verb (used with object), ex·tri·cat·ed, ex·tri·cat·ing.

to free or release from entanglement; disengage: to extricate someone from a dangerous situation.
to liberate (gas) from combination, as in a chemical process.

Origin of extricate

1605–15; < Latin extricātus (past participle of extricāre), equivalent to ex- ex-1 + tric(ae) perplexities + -ātus -ate1
Related formsex·tri·ca·tion, nounnon·ex·tri·ca·tion, nounun·ex·tri·cat·ed, adjective

Synonyms for extricate

Dictionary.com Unabridged Based on the Random House Unabridged Dictionary, © Random House, Inc. 2019

Examples from the Web for extricate

Contemporary Examples of extricate

  • To extricate himself, he surrendered to the government the management of, and revenues from, most of his property.

    The Daily Beast logo
    Britain's Welfare Queen

    Tom Sykes

    February 18, 2014

  • This week, Merkel ominously said she expects it will take Europe another decade to extricate itself from the crisis.

    The Daily Beast logo
    Is Europe's Troubled Marriage Doomed?

    Stefan Theil

    November 6, 2011

  • George W. Bush set the trap just over nine years ago, and the Democrats are still trying to extricate themselves.

    The Daily Beast logo
    The GOP's Fiscal Time Bomb

    Howard Kurtz

    December 2, 2010

  • A bit more urgent is how to extricate ourselves from this stinker of a GECSTGD.

    The Daily Beast logo
    Sarah Palin, the Sequel

    Christopher Buckley

    November 10, 2008

Historical Examples of extricate

  • Money was needful to extricate him from this drudgery and let him follow up his aspirations.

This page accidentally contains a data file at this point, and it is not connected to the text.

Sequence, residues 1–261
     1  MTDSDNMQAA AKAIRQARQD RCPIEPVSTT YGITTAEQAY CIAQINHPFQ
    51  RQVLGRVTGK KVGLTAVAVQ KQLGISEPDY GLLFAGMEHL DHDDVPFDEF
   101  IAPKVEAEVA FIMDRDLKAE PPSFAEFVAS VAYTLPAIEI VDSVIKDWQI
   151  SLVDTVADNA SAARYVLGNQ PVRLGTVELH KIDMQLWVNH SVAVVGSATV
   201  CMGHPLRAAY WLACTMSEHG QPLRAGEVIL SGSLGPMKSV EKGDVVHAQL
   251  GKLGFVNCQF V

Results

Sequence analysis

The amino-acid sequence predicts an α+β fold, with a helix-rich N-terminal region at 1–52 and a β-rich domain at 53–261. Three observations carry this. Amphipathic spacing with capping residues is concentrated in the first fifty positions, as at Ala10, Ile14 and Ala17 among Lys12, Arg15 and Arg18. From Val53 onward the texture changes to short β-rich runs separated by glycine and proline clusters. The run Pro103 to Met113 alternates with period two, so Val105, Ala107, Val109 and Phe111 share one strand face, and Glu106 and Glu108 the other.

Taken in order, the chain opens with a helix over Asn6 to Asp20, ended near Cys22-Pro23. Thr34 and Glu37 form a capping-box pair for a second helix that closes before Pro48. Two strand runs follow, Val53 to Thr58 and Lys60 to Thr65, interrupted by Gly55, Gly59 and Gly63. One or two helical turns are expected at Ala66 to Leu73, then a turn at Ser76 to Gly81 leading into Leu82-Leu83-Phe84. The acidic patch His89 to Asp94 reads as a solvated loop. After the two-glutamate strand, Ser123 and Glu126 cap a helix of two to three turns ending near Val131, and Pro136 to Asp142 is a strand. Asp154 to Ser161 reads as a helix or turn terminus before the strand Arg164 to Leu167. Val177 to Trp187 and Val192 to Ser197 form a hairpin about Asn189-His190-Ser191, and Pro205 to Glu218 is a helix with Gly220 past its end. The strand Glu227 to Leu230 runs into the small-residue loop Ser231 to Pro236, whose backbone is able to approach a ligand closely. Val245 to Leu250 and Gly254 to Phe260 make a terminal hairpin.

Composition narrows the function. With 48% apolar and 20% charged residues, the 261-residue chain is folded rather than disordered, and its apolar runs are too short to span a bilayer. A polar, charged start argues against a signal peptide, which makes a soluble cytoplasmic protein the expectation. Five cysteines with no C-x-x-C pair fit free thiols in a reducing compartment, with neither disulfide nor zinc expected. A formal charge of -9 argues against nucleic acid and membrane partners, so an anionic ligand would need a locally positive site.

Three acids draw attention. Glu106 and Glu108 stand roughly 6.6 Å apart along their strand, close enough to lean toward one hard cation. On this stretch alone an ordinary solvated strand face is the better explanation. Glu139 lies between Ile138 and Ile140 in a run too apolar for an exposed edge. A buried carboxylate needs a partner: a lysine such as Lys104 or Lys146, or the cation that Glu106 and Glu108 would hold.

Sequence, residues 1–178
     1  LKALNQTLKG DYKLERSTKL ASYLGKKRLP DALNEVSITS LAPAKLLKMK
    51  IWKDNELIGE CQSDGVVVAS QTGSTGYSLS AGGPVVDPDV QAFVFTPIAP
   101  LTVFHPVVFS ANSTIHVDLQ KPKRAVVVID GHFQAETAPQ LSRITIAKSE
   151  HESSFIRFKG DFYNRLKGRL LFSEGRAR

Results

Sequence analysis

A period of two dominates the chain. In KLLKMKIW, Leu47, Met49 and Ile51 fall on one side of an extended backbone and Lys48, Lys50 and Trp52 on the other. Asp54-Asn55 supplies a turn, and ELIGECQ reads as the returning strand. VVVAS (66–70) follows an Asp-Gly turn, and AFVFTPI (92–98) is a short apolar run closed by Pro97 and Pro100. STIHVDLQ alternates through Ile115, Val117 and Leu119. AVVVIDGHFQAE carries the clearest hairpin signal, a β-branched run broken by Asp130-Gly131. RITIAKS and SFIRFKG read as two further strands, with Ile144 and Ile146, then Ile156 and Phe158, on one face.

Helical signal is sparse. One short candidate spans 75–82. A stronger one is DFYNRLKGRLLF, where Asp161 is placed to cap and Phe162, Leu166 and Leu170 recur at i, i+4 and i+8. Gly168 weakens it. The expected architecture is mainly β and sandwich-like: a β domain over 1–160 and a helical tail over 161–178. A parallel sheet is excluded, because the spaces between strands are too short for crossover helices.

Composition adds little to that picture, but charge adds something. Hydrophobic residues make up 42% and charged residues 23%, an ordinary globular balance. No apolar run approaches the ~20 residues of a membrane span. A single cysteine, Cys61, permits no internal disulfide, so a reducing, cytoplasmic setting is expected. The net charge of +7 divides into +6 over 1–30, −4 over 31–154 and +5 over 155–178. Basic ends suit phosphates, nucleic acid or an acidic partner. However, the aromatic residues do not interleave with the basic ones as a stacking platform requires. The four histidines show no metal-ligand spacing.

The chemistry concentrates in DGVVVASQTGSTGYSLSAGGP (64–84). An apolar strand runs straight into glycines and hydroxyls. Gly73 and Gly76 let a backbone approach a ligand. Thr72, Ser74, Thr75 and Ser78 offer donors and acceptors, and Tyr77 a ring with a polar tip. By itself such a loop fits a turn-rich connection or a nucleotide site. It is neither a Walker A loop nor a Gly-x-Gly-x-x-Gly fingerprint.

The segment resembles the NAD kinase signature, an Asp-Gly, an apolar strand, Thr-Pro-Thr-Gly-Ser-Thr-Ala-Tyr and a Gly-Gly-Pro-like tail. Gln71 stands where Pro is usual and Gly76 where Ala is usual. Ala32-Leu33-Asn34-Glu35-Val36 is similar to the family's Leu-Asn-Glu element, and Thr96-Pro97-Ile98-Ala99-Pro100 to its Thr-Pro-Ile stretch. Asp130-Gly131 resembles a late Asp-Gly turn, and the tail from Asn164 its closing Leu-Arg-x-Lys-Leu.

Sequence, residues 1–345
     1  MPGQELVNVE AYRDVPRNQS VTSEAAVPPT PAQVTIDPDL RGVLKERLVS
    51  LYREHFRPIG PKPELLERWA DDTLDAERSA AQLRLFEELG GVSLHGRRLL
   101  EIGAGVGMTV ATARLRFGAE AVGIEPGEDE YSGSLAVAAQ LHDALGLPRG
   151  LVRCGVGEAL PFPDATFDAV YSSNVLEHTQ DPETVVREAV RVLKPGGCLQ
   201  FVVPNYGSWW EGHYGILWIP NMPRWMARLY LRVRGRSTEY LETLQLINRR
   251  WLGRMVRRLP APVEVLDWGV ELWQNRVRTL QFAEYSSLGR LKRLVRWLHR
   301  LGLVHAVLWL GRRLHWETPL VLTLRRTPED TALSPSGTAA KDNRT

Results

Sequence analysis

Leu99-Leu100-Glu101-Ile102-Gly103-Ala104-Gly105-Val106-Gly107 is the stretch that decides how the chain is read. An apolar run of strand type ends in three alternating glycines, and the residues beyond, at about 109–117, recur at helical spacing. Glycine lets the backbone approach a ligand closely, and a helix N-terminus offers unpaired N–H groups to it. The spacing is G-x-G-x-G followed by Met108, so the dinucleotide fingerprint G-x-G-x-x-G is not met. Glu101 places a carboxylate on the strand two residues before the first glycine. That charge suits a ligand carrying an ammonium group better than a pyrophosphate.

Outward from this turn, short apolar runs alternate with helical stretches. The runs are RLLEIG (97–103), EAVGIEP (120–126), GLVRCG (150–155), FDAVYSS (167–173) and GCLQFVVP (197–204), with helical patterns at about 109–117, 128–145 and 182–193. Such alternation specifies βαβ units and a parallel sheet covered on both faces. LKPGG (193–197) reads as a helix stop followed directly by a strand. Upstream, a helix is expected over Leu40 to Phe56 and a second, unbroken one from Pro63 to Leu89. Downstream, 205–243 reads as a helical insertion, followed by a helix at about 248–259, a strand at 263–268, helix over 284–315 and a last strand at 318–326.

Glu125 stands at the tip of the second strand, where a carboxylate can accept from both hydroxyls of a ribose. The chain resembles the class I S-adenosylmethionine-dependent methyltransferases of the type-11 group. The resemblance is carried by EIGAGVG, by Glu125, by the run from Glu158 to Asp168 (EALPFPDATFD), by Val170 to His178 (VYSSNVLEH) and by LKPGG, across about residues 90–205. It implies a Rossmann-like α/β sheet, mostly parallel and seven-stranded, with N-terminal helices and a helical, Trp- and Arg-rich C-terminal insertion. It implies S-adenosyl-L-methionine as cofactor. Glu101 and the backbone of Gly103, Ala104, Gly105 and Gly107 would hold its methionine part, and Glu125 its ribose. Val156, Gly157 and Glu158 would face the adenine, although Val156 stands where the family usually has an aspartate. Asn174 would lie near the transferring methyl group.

• But Shakib is in such a business tangle that he could not extricate himself in a day.

    The Book of Khalid

    Ameen Rihani

  • Before the animal could extricate itself Mary-'Gusta had seized it in her arms.


    Joseph C. Lincoln

  • He could extricate himself by criminating his dead father, but that he should never do.

  • Still, he conceived that he had gone too far to extricate himself.

    St. Martin's Summer

    Rafael Sabatini

British Dictionary definitions for extricate


verb (tr)

to remove or free from complication, hindrance, or difficulty; disentangle
Derived Formsextricable, adjectiveextrication, noun

Word Origin for extricate

C17: from Latin extrīcāre to disentangle, from ex- 1 + trīcae trifles, vexations


Collins English Dictionary - Complete & Unabridged 2012 Digital Edition © William Collins Sons & Co. Ltd. 1979, 1986 © HarperCollins Publishers 1998, 2000, 2003, 2005, 2006, 2007, 2009, 2012

Word Origin and History for extricate

1610s, from Latin extricatus, past participle of extricare "disentangle," perhaps from ex- "out of" + tricae (plural) "perplexities, hindrances," of unknown origin. Related: Extricated; extricating.

Online Etymology Dictionary, © 2010 Douglas Harper